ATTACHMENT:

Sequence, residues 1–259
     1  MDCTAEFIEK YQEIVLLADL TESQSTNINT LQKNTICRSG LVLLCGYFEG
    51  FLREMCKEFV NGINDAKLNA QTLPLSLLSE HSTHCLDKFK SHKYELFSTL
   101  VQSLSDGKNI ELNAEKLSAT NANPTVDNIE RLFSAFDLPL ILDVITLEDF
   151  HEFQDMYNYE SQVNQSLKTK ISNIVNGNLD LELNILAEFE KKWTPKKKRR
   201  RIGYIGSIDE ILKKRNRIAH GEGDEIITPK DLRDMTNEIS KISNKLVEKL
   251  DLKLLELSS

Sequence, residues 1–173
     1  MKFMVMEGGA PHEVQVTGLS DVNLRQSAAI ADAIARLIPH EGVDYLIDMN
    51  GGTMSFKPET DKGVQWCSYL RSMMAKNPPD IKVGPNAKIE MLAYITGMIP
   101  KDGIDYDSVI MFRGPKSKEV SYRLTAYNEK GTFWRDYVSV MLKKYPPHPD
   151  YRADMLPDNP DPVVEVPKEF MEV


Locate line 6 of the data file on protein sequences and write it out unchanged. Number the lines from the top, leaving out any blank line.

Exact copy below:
   201  RIGYIGSIDE ILKKRNRIAH GEGDEIITPK DLRDMTNEIS KISNKLVEKL